Units 201 and 202 within microprocessor 200 are blocks of circuitry implementing any function of an integrated circuit, such as decoding addresses or instructions, storing data, performing arithmetic or logical operations, or providing an interface to an external bus. There is no minimum or maximum number of gates in unit 201 or unit 202. For example, one of units 201 and 202 unit can include only a single gate while the other unit includes all of the remaining gates in a microprocessor. In this embodiment, unit 201 is a cache memory unit and unit 202 is an execution unit.

One difference between cache unit 201 and execution unit 202 is that computer system 250 supports a state in which at least one function of cache unit 201 is available for use while at least one function of execution unit 202 is not available for use. For example, in this embodiment, one function implemented by execution unit 202 is to perform an arithmetic operation, and one function implemented by cache unit 201 is support a cache snoop by checking whether cache unit 201 is currently storing data corresponding to a particular address in main memory 252. Computer system 250 supports a low power state in which microprocessor 200 is not required to perform the arithmetic operation but is required to check for an address in its cache.

At this point, it will be instructive to describe certain details of a cache snoop protocol used within computer system 250, which comprises microprocessor 200, main memory 252, and memory controller 253. FIG. 3 is a timing diagram illustrating these details. In FIG. 3, the waveforms of three signals on host bus 251 are shown relative to HCLK signal 290, the host bus clock signal. These three signals are ADDR signal 291, AHOLD signal 292, and EADS# signal 293. ADDR signal 291 can be any of the address signals of host bus 251. ADDR signal 291 can be driven by processor 200 and received by memory controller 253, or it can be driven by memory controller 253 and received by processor 200. AHOLD signal 292 is an address hold or float signal indicating a request by any bus agent, such as memory controller 253, for processor 200 to refrain from driving the address signal lines of host bus 251, including ADDR signal 291. In the embodiment illustrated in FIGS. 2 and 3, AHOLD signal 292 is an active high signal. EADS# signal 293 is an external address strobe signal indicating that memory controller 253 is driving a valid address on the address signal lines of host bus 251, including ADDR signal 291. In the embodiment illustrated in FIGS. 2 and 3, EADS# signal 293 is an active low signal. Both AHOLD signal 292 and EADS# signal 293 are driven by memory controller 253 and received by microprocessor 200.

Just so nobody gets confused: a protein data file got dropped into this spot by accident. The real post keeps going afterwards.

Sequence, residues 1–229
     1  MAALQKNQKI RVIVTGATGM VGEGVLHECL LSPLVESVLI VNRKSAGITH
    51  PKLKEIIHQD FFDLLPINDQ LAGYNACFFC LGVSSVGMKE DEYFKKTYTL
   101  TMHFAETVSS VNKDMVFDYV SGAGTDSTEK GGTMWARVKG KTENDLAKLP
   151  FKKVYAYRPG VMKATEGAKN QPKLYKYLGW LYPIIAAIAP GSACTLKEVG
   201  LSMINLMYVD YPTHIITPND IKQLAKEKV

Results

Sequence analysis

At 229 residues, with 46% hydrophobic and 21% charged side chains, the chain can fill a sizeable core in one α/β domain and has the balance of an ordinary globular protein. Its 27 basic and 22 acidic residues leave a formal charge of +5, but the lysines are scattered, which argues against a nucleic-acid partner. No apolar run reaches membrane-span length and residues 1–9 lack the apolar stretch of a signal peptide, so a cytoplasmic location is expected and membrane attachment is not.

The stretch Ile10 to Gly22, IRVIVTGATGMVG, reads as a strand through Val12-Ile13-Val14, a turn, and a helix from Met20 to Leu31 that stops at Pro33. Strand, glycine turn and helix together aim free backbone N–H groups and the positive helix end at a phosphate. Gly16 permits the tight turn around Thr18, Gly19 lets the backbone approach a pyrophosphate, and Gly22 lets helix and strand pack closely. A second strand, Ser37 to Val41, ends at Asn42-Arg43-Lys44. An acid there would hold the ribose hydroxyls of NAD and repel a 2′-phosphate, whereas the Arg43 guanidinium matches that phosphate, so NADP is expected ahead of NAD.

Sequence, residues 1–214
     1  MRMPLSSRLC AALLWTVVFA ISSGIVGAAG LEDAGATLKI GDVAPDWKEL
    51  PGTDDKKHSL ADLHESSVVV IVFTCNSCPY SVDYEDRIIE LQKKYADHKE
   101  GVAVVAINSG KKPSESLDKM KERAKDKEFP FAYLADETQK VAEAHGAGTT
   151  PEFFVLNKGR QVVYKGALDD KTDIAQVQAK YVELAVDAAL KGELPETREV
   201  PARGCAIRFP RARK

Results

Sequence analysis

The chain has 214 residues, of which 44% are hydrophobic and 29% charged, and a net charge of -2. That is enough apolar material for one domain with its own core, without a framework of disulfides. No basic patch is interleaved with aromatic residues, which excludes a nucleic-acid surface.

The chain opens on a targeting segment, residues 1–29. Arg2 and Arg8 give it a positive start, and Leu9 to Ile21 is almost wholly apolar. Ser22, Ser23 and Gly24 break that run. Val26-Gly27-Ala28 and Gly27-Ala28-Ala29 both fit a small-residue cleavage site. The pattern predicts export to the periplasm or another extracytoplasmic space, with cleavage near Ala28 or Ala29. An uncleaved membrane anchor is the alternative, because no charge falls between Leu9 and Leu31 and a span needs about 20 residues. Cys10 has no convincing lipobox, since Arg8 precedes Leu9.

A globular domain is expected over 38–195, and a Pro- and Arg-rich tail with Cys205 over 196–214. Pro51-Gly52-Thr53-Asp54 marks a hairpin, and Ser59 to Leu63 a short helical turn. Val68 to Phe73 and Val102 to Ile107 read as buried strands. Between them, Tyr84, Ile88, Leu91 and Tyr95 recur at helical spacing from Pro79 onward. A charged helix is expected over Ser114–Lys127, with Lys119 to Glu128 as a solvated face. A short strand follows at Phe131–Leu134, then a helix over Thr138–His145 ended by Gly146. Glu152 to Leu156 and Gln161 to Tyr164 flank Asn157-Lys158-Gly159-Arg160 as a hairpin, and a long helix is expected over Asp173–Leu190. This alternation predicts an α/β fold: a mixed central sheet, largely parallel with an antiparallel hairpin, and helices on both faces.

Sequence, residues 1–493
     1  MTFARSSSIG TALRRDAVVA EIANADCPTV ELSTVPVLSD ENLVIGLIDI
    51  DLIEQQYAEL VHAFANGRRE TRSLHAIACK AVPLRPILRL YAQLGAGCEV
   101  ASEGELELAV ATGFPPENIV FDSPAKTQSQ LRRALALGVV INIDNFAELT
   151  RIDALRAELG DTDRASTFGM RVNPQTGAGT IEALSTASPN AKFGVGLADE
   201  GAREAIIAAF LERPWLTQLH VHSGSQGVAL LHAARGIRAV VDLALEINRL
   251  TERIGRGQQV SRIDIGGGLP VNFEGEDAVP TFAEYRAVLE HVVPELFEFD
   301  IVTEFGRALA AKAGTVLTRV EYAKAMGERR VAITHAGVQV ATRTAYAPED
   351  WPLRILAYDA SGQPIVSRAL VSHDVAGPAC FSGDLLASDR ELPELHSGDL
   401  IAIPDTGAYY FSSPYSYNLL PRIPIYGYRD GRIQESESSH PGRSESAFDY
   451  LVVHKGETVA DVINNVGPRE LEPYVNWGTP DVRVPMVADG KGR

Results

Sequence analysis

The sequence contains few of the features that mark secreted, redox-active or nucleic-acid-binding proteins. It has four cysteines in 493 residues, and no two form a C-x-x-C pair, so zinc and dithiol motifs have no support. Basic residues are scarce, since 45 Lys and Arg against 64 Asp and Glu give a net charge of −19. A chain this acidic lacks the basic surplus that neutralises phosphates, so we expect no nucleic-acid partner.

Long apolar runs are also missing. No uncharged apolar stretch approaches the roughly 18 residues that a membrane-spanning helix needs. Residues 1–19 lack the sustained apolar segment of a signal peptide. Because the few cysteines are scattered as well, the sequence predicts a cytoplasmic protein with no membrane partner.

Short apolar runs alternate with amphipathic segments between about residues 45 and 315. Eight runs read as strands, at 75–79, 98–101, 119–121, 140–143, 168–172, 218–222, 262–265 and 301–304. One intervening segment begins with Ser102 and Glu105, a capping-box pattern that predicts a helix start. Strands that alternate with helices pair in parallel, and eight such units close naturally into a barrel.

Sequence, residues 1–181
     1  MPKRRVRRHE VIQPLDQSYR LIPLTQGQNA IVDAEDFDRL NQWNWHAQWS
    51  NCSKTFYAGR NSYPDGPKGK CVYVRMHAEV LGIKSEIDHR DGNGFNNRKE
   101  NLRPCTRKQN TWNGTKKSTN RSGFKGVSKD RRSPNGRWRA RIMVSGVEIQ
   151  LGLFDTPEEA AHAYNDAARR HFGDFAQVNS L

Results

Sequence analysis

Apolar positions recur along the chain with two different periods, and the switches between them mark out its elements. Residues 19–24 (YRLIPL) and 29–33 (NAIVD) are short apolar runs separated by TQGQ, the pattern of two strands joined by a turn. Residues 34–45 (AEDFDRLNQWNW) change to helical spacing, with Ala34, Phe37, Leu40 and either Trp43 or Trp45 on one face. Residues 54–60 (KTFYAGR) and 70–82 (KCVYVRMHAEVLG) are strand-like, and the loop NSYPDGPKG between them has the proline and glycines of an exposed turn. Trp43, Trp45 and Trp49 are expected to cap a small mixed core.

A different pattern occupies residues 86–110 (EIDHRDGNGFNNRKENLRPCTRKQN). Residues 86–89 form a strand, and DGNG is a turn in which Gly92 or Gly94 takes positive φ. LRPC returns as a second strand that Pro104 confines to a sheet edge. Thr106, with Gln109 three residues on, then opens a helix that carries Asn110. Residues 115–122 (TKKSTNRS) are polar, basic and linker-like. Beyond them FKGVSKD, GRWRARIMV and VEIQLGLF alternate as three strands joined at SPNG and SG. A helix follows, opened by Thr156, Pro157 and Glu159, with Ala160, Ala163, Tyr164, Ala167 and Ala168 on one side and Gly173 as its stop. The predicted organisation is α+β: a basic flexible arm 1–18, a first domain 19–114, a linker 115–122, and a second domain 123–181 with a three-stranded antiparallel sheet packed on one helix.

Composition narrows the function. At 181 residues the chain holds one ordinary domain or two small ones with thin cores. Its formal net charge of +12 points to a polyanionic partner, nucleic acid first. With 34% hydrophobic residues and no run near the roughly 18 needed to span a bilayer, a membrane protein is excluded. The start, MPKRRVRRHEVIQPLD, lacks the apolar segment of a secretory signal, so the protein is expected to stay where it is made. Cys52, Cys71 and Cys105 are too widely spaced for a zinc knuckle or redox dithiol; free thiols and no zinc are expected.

At time 310 in FIG. 3, microprocessor 200 is driving ADDR signal 291 either high or low. Between times 310 and 311, memory controller 253 asserts AHOLD signal 292 to indicate that memory controller intends to drive ADDR signal 291 as part of a request to snoop cache unit 201 of microprocessor 200. Microprocessor 200 samples AHOLD signal 292 asserted at time 311 and then stops driving, or floats, ADDR signal 291. Although not shown in FIG. 3, if, at time 311, microprocessor 200 is executing a current bus cycle or there is a pending bus cycle for microprocessor 200 to execute, microprocessor 200 can finish the current or pending bus cycle before microprocessor 200 stops driving ADDR signal 291. Next, as shown between times 312 and 313 in FIG. 3, memory controller 253 starts driving ADDR signal 291 either high or low. Also between times 312 and 313, memory controller 253 asserts EADS# signal 293 to indicate that memory controller 253 is driving a valid address for which microprocessor 200 should snoop cache unit 201. At time 313, microprocessor 200 samples EADS# signal 293 asserted, triggering microprocessor 200 to snoop cache unit 201.

Note that there are two periods of HCLK signal 290 between the time that microprocessor 200 samples AHOLD signal 292 asserted and the time that microprocessor samples EADS# signal 293 asserted, one period to allow microprocessor 200 to stop driving ADDR signal 291 and one period to allow memory controller 253 to start driving ADDR signal 291. Also note that although microprocessor 200 is required to support cache snooping during the low power state of computer system 250 described above, the cache snoop does not actually begin until EADS# signal 293 is sampled asserted. Therefore, AHOLD signal 292 can be used as a trigger to prepare cache unit 201 for a potential impending cache snoop.